- The Washington Times - Saturday, August 5, 2006

SAN DIEGO — Felipe Lopez was one week into his tenure as a Washington National, and things were not going particularly well.

The 26-year-old shortstop, acquired with outfielder Austin Kearns and reliever Ryan Wagner during the All-Star break, was struggling with his new team. He had just two hits in 25 at-bats, he had committed three errors in four games and didn’t exactly look at ease in his new surroundings.

“It was just a new city, new uniform, new everything,” Lopez said. “So it took me a little bit.”

Somewhere along the way, the light clicked back on, and Lopez became comfortable again. He started hitting, started stealing bases and started performing like the player the Nationals believed they were getting all along. Entering last night’s game against the San Diego Padres, Lopez was on a 19-for-45 (.422) tear, with four doubles, six RBI, 12 runs scored and six stolen bases over a 12-game span.

“I think it was just a matter of him settling in,” manager Frank Robinson said. “Because now he looks like a completely different hitter, the hitter we thought he was and he is.”

And because of it, Washington suddenly has one of the better 1-2 punches in baseball, with Lopez hitting behind Alfonso Soriano at the top of Robinson’s daily lineup.

The two have combined to steal 57 bases this season (27 by Soriano, 30 by Lopez). No other team has two players with more than 25.

“Those two guys up there put a lot of pressure on the defense, on the pitcher,” said Robinson, who noted how quickly Lopez is getting out of the box and down the first-base line. “That makes a big, big, big difference. You know those guys can go from first to third on base hits, they can score from second, they’re a threat to steal third.”

In Lopez’s case, it has certainly helped to be able to hit behind a guy like Soriano who’s in the midst of a career year, on pace to become the first player in major league history to hit 50 homers and steal 40 bases in a season.

With Soriano reaching base at a .364 clip (44 points better than his career average), Lopez frequently comes to the plate with a man on. And with Soriano distracting opposing pitchers every time he dances off first or second, Lopez is often the recipient of better pitches to hit.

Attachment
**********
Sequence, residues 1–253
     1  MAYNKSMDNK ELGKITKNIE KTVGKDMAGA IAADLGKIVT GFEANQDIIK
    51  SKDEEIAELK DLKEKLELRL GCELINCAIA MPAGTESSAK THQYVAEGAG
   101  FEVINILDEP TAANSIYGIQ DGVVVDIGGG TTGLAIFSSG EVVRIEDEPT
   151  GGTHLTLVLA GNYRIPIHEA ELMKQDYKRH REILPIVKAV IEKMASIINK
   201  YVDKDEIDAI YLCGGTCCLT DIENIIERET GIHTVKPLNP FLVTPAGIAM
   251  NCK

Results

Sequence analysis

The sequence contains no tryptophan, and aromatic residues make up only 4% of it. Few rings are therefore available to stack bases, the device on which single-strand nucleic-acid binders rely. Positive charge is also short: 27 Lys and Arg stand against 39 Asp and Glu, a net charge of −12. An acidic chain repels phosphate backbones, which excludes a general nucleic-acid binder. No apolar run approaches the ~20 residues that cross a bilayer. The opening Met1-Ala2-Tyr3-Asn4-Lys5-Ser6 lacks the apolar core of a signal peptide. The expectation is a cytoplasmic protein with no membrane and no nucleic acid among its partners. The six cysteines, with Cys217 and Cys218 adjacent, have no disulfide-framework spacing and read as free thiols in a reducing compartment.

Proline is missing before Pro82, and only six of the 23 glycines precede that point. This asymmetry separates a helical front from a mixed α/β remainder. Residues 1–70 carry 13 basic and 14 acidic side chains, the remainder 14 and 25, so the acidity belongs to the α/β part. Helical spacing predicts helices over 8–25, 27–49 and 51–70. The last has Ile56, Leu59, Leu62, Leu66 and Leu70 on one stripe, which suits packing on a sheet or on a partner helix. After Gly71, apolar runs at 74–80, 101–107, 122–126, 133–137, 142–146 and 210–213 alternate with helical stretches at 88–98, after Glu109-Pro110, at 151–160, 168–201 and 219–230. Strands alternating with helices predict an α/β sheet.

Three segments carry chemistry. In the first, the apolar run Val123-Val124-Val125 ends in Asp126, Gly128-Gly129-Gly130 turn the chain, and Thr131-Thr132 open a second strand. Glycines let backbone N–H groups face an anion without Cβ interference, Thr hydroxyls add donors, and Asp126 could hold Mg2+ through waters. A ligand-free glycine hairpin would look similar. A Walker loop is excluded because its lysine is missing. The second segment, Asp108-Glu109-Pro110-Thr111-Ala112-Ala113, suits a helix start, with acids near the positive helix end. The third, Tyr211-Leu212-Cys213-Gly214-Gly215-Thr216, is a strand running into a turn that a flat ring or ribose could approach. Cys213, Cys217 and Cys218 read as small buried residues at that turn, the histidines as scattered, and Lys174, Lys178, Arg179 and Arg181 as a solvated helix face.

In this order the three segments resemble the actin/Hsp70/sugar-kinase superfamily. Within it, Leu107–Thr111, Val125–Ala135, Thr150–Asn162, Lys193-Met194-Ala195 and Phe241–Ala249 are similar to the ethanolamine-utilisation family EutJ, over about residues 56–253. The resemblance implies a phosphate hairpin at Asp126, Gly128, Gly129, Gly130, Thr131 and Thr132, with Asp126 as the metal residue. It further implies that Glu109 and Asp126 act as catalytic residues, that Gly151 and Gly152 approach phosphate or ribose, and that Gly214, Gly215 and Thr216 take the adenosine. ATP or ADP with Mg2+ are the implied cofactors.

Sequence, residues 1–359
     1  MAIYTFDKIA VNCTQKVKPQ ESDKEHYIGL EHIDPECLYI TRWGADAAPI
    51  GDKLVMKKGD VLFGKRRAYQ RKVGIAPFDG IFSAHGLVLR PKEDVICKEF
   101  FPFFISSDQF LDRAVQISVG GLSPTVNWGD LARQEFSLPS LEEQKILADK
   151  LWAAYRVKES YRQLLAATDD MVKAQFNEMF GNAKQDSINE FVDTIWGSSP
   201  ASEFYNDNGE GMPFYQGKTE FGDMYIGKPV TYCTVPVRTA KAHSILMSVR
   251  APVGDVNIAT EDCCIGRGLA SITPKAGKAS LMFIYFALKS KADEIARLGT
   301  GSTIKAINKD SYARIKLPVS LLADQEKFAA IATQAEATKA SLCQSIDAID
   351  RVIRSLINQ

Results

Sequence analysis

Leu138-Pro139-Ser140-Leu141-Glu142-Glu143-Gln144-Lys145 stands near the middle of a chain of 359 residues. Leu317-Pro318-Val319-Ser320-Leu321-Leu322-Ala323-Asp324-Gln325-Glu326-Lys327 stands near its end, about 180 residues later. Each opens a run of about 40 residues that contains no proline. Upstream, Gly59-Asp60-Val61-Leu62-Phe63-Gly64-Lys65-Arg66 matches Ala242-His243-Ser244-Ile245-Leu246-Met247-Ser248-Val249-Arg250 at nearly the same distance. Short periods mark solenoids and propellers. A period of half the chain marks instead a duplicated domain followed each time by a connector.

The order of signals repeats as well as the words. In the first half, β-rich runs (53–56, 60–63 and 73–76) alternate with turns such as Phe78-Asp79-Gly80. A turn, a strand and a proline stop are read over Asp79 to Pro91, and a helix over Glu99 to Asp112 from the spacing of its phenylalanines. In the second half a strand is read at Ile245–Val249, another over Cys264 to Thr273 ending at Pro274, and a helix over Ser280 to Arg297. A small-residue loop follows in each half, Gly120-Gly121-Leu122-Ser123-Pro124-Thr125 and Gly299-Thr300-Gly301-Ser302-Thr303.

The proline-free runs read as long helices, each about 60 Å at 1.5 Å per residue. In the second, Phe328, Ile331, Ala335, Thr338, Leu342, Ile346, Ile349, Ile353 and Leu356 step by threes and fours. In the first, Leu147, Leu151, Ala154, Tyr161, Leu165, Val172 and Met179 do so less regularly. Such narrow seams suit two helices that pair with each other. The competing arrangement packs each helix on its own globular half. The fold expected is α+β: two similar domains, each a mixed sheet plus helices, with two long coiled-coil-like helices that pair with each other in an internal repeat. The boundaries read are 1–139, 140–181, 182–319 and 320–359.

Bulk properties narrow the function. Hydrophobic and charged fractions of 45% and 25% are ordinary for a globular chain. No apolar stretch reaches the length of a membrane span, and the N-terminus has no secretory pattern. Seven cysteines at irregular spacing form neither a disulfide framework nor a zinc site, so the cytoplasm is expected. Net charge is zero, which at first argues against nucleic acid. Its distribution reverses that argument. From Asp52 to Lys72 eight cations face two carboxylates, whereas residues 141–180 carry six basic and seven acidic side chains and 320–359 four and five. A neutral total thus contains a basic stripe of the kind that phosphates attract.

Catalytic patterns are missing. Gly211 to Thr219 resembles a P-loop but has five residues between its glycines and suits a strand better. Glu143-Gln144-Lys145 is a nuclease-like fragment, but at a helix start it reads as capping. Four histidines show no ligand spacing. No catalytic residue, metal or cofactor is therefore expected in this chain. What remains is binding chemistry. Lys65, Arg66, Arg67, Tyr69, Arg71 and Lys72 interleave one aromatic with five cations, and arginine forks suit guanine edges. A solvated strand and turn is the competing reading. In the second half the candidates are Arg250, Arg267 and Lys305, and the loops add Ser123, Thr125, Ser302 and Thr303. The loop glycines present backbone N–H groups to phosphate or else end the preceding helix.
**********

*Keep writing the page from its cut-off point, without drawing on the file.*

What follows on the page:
“The pitchers are worried about Soriano,” Robinson said. “Sometimes they don’t focus on the hitter and they make mistakes. [Lopez] can certainly benefit from hitting behind him.”

It helps that Lopez has developed into a patient man with the bat. He didn’t used to be that way, never drawing more than 30 walks until he collected 57 last season in Cincinnati. He surpassed that mark this week and with 58 is second only to on-base machine Nick Johnson (76) on the Nationals’ roster.

Lopez said he made a conscious decision a year ago to be more patient at the plate, not so much because he wanted to draw more walks but because he wanted to hit better pitches.

“I really felt that if I saw a lot of pitches, I could get a pitch I could hit instead of being aggressive and jumping out there,” he said. “It’s just a matter of self-discipline, being disciplined at the plate, choosing my pitches and studying the pitchers.”

Lopez is signed through 2008, so he figures to be part of the Nationals’ master rebuilding plan. And if they can find a way to bring Soriano back, they might have themselves a 1-2 punch that becomes the envy of the National League.

“I hope we stay together a long time,” Lopez said.

Fifth-starter options

The Nationals are still trying to settle on a No.5 starter, a decision they’ll need to make before the last spot in the rotation comes up again Aug.12.

The club initially planned to use Mike O’Connor, but the rookie left-hander is on the disabled list with a strained elbow tendon and won’t be ready to return. Neither will fellow rookie Shawn Hill, who recently began a minor league rehabilitation stint as he attempts to return from his own elbow injury.

The choice is likely to come down to Billy Traber, who is 7-7 with a 4.05 ERA at Class AAA New Orleans, or Jason Bergmann, whom the club recently converted to a starter.

Got a question about the Nats? Mark Zuckerman has the answers. To submit a question, go to the Sports Page

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